Venting hot air from refer coils - Fiberglass RV


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Old 03-05-2015, 11:53 PM   #1
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Venting hot air from refer coils

My Trillium has a 12-volt refer. The hot coils are on the back of the unit, that is, inside of the fiberglass cabinet/kitchen counter which also contains the sink and stovetop and some drawers. When the refer is running, the hot air is trapped inside the cabinet, unless you leave one of the drawers open.
That seems really dumb to me. Should I cut into the cabinet to allow the air to circulate? I would not install a refer in my kitchen at home inside of a completely sealed closet or cabinet, so why would I do that to my 12-volt in the Trill, especially since I would like the battery to last a few days before it's run down?
Note that a 3-way has venting to the outside built in: it's unavoidable because a 3-way burns propane. But this is a new Trill, it never had a 3-way. The only holes in the outside wall on that side are hookups for water and shore power.
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Old 03-06-2015, 04:52 AM   #2
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Albert you should have two vents in the outside wall, one low and one higher. Are you saying there are no outside vents? Can't see a manufacturer doing that. Did you install this refer ? Heat from propane use is normal but shouldn't be vented or go to the inside. How about a picture from the outside behind the refer. Dave, the Trill king will chime in soon.
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Old 03-06-2015, 06:50 AM   #3
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I'd cut a hole in the cabinet to let all the heat to escape as it will get worse in hotter weather. They have a lot of nice finished round vent covers at Home Depot and on line. The unit will run more efficient with less heat build up.
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Old 03-06-2015, 07:35 AM   #4
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I have plans to install a 12V refrigerator in my Scamp some day. The location is right below a window so I plan to have an air intake vent in the bottom of the cabinet below the fridge and one in the top back of the counter top. This way in the summer I can crack the window and just by convection (I think that is the term, hot air rises anyway) it will draw and vent outside.
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Old 03-06-2015, 09:42 AM   #5
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First I'd check the MFG's installation instructions. Some refrigerators vent under the bottom. They may think it's an OK installation.

But, rather than using a hardware store vent, I would check with the local RV store and/or on-line suppliers for an appropriate vent to install to move more air behind the refrigerator.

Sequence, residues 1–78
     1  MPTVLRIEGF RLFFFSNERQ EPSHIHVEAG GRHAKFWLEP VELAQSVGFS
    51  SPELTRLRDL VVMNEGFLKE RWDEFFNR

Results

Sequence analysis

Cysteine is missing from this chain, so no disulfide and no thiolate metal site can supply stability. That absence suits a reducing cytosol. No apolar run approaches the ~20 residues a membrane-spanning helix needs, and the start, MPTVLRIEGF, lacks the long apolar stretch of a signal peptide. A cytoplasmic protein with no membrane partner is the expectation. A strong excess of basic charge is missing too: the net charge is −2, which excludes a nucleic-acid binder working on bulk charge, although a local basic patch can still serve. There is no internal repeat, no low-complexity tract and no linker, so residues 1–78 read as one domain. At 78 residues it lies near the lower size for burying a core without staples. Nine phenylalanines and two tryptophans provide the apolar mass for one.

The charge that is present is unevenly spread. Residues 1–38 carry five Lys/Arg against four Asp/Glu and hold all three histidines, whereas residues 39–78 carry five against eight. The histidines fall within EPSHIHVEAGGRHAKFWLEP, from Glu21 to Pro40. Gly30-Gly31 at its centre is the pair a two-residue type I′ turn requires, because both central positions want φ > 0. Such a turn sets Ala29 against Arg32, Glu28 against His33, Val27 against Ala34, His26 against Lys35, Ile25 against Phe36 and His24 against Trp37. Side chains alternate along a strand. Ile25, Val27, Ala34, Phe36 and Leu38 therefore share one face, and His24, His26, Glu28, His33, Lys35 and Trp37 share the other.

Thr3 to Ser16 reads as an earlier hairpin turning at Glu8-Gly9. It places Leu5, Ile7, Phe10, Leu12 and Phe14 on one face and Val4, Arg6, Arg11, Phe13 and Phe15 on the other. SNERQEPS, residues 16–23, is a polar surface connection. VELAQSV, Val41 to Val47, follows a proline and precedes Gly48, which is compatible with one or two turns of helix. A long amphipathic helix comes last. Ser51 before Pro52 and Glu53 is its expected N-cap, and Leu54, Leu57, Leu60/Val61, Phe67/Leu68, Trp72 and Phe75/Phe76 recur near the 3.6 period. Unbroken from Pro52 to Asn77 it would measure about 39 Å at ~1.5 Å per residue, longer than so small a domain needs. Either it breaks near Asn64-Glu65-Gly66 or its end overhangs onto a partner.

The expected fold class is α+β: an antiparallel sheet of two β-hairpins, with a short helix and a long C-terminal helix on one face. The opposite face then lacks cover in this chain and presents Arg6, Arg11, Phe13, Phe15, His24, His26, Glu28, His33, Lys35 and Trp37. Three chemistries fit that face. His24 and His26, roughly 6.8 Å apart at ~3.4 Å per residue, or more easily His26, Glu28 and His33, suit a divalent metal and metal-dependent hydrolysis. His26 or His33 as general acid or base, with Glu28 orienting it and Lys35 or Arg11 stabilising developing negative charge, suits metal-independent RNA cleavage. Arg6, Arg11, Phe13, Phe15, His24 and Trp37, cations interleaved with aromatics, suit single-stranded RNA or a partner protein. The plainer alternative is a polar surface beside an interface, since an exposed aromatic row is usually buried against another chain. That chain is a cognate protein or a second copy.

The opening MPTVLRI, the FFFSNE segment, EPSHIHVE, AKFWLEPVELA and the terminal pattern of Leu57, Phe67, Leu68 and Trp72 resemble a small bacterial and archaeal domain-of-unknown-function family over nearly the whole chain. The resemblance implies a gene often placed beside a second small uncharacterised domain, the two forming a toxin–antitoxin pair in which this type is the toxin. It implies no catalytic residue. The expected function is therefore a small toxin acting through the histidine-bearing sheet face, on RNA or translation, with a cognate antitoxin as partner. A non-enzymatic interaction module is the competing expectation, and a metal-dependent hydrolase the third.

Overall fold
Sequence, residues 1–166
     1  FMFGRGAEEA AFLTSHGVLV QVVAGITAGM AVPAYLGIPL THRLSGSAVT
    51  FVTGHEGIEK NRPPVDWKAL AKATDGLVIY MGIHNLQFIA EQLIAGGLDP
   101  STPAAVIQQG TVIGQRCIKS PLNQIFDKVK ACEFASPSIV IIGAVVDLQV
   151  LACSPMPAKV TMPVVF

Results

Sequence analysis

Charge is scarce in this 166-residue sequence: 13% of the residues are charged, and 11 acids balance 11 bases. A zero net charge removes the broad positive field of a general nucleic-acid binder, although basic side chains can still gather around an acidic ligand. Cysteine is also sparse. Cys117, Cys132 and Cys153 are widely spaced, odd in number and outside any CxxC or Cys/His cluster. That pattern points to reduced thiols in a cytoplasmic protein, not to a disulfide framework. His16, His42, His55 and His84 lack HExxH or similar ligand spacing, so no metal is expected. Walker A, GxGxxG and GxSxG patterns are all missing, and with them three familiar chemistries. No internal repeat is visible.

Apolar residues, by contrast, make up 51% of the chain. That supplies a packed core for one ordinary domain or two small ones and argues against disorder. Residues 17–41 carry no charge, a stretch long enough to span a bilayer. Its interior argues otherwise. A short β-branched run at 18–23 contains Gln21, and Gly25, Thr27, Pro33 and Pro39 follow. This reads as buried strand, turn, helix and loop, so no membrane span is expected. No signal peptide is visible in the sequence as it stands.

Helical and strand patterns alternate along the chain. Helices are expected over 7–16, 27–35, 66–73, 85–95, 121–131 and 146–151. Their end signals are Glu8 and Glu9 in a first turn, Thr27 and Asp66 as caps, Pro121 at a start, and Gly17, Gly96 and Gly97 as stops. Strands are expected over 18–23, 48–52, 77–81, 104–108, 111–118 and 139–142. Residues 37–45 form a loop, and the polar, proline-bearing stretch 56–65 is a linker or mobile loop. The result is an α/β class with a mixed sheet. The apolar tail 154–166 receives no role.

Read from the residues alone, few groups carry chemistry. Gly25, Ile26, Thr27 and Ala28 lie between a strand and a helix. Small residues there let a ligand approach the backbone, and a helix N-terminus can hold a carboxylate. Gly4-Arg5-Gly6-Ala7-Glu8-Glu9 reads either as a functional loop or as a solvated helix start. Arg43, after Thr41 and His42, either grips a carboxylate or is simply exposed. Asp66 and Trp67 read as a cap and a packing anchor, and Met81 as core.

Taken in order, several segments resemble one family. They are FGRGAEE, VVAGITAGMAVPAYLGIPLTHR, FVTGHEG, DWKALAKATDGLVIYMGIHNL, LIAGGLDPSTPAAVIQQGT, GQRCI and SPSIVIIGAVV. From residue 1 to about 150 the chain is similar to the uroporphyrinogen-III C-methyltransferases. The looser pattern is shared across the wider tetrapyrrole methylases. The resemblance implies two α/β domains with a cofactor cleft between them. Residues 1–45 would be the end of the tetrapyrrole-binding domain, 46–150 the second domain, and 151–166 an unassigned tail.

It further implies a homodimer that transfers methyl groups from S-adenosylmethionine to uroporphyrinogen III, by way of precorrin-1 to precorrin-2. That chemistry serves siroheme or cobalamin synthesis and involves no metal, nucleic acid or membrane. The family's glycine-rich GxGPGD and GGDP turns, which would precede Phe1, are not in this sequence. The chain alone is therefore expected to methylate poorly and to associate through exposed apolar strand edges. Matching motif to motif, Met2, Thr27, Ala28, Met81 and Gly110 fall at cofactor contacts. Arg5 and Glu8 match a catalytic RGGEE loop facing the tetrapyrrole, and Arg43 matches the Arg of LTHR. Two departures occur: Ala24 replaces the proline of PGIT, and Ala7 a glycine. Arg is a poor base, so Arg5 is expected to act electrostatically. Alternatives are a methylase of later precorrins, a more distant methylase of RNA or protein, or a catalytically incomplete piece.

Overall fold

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Old 03-06-2015, 10:01 AM   #6
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Quote:
Originally Posted by Borrego Dave View Post
Albert you should have two vents in the outside wall, one low and one higher. Are you saying there are no outside vents? Can't see a manufacturer doing that. Did you install this refer ? Heat from propane use is normal but shouldn't be vented or go to the inside. How about a picture from the outside behind the refer. Dave, the Trill king will chime in soon.


This is a 12 volt fridge..NOT a propane one.


Sent from my iPhone using Fiberglass RV
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Old 03-06-2015, 10:12 AM   #7
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The California Trilliums came with a Dometic DC compressor fridge. No vent. I asked about venting and was told they had "run the numbers" ??? and that it was fine. The manual suggests venting at the bottom, which is difficult once the fridge is in place. Since heat rises, it's also inefficient. I would remove the fridge and place a standard fridge vent as high as is practical. I believe I got the only trailer they made with a 3 way. Raz
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Old 03-06-2015, 12:39 PM   #8
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Not a diy, fridge came like that. See Registry for exterior pix, including one showing driver's side. That part of the hull is as smooth as the head of ... your favorite bald actor. (The fridge is in front of where you see the water and electric hookups.)
The reply from Raz gives a flavor of what some mfgr's think of the laws of physics. I wonder what "numbers" they ran: my inconvenience (batteries run down faster) vs. theirs (they gotta figure out where to put the vents)?
The Dometic manual that I have shows input venting low, output venting high. Low could be under the fridge, which sits on legs, just gotta make sure it's not blocked by the rug. Where to put the high vent will be the challenge, the higher the better. Haven't yet decided whether it should be interior or exterior. If I go with exterior I will certainly use an r.v. part intended for this application. You want a vent that will not admit rain easily.
Although an interior vent might allow more compressor noise into the living space, I'm reluctant to do much cutting in the outer hull. I don't want to compromise strength or cause cracks to develop over time.
In any case, "convection" is indeed the word.